Philosophy Word of the Day – Moral Cognitivism vs. Non-Cognitivism

Non-cognitivism is a variety of irrealism about ethics with a number of influential variants. Non-cognitivists agree with error theorists that there are no moral properties or moral facts. But rather than thinking that this makes moral statements false, noncognitivists claim that moral statements are not in the business of predicating properties or making statements which could be true or false in any substantial sense. Roughly put, noncognitivists think that moral statements have no truth conditions. Furthermore, according to non-cognitivists, when people utter moral sentences they are not typically expressing states of mind which are beliefs or which are cognitive in the way that beliefs are. Rather they are expressing non-cognitive attitudes more similar to desires, approval or disapproval.

Cognitivism is the denial of non-cognitivism. Thus it holds that moral statements do express beliefs and that they are apt for truth and falsity. But cognitivism need not be a species of realism since a cognitivist can be an error theorist and think all moral statements false. Still, moral realists are cognitivists insofar as they think moral statements are apt for truth and falsity and that many of them are in fact true.

(Via Stanford Encyclopedia of Philosophy)

My view is that on metaphysical naturalism, moral noncognitivism is the most reasonable view.  On this view, it seems at the most foundational level, morality could only be social convention, or perhaps some kind of evolutionary instinct.  But in either case, you’re left with no objective foundation for morality (objective meaning true or false regardless of what anyone happens to think about it).

But since I do believe in objective morality, and real moral duties, and that some acts are inherently immoral, those are all reasons I don’t believe in metaphysical naturalism.

Any thoughts along these lines?

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3 thoughts on “Philosophy Word of the Day – Moral Cognitivism vs. Non-Cognitivism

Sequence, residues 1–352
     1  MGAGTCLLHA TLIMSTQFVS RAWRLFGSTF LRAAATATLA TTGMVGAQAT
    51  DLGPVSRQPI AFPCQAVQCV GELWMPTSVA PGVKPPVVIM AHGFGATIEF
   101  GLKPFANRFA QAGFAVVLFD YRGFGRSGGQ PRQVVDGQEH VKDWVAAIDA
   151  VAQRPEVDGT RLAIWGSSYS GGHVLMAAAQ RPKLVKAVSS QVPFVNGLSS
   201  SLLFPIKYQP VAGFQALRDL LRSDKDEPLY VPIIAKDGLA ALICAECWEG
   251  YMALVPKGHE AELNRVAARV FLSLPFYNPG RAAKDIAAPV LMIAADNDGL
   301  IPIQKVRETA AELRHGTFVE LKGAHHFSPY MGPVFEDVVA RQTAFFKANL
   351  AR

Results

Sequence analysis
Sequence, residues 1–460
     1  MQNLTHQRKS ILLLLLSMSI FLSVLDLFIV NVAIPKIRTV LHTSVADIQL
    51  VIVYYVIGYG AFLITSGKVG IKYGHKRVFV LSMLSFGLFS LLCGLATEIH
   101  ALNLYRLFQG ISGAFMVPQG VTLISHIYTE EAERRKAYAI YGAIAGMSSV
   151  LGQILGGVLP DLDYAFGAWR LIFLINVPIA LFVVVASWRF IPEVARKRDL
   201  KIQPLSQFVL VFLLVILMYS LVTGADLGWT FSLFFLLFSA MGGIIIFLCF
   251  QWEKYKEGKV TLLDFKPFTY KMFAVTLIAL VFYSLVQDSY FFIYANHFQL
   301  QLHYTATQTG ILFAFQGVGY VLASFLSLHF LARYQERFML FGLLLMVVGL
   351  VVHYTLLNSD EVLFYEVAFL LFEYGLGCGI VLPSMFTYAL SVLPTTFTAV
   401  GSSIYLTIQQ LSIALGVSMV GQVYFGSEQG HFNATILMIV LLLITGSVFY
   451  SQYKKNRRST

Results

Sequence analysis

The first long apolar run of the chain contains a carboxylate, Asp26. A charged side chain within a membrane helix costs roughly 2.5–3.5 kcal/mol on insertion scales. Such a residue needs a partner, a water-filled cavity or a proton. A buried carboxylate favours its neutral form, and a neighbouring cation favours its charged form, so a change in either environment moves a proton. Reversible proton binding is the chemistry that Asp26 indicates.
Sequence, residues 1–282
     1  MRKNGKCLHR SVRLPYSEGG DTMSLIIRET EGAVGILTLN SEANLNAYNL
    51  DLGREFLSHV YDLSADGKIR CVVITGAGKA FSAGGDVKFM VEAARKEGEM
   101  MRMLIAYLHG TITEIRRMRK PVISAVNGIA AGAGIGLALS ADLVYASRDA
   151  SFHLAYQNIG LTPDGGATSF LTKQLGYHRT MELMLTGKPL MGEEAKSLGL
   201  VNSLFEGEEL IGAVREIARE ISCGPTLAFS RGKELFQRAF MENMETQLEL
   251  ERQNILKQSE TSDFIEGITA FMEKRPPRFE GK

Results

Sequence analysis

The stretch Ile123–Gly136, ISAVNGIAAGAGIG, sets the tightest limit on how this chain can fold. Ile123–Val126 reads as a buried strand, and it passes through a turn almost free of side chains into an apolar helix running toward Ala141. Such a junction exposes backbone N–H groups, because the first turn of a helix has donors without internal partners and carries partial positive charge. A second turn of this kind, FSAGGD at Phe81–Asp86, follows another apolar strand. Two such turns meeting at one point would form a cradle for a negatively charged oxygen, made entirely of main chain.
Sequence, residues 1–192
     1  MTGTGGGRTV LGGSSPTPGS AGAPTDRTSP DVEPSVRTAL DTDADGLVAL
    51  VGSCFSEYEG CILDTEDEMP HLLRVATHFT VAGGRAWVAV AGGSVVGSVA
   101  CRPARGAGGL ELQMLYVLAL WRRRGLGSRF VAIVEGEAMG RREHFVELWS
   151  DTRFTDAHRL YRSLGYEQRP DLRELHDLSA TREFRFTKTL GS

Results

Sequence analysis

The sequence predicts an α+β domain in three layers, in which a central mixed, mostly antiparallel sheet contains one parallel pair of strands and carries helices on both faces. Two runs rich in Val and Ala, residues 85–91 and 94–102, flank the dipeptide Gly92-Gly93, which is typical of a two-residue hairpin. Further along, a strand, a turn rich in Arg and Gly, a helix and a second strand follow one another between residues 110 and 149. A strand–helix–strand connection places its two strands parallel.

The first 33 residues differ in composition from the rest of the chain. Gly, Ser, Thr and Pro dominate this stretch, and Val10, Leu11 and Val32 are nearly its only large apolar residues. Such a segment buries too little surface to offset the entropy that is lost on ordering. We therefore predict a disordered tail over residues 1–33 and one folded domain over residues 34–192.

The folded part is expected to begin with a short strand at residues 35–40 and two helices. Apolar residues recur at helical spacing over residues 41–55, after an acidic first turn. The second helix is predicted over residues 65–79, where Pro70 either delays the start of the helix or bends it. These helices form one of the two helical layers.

1. What do you think about Thomistic natural law, which Nicholas Wolterstorff has used to prove intrinsic inherent human rights as the ground for justice — the moral duty for one party to another?
    Can we prove moral noncognitivism in lieu of metaphysical naturalism? Are you with moral noncognitivism after all?

    • Hi Joice,

      Thanks for those good questions. It must be interesting studying Nicholas Wolterstorff. I hope to read some of his works one of these days. I do believe in natural law, based on the fact that we are made in God’s image and have His moral law written on our hearts, but it seems to me that the cognitivism vs. noncognitivism debate ultimately hinges on the metaphysical issue of whether or not right and wrong actually exist. On theism, we do have a metaphysical foundation for right and wrong (namely, God’s nature), but I don’t believe there is one on naturalism, since all that exists is purposeless matter and energy, and their interactions. Also, since I’m a moral realist, I do believe in moral cognitivism.

      Thanks for those insights,

      • Interesting, Chris. It’d be great if you could spare a moment to read a few chapters of Nick’s “Justice: Rights and Wrongs” and see how he traverses strict boundaries of conventional concepts to find new grounds. It’s especially intriguing to see how O’Donovan (another Augustinian) denies the possibility of human rights which is not individualistic nor asocial, as Nick claims (recent J. of Religious Ethics). I don’t think moral non-cognitivism as posted above is the correct description of moral claims. And yet moral cognitivism, in conventional sense, has somehow overemphasized the role of cognitive aspect in moral statements, or philosophical propositions in general. It is one thing to believe in the ultimate source of morals (ie God), quite another to see anything else as purposeless matter and energy, and their interactions. Nick tries to prove the intrinsic inherent worth of human beings as having been conferred by God. I hope his forthcoming “Love and Justice” (final draft ready in Sept) will make his ideas more complete.

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